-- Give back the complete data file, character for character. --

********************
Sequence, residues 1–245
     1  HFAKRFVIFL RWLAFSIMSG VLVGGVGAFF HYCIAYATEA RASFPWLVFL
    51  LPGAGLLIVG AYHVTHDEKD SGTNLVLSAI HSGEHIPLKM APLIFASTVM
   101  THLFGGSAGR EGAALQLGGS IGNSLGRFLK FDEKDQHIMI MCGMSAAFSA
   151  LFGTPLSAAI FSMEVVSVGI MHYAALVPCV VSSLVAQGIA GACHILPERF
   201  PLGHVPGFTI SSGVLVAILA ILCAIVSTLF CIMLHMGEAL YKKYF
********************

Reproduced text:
Sequence, residues 1–245
     1  HFAKRFVIFL RWLAFSIMSG VLVGGVGAFF HYCIAYATEA RASFPWLVFL
    51  LPGAGLLIVG AYHVTHDEKD SGTNLVLSAI HSGEHIPLKM APLIFASTVM
   101  THLFGGSAGR EGAALQLGGS IGNSLGRFLK FDEKDQHIMI MCGMSAAFSA
   151  LFGTPLSAAI FSMEVVSVGI MHYAALVPCV VSSLVAQGIA GACHILPERF
   201  PLGHVPGFTI SSGVLVAILA ILCAIVSTLF CIMLHMGEAL YKKYF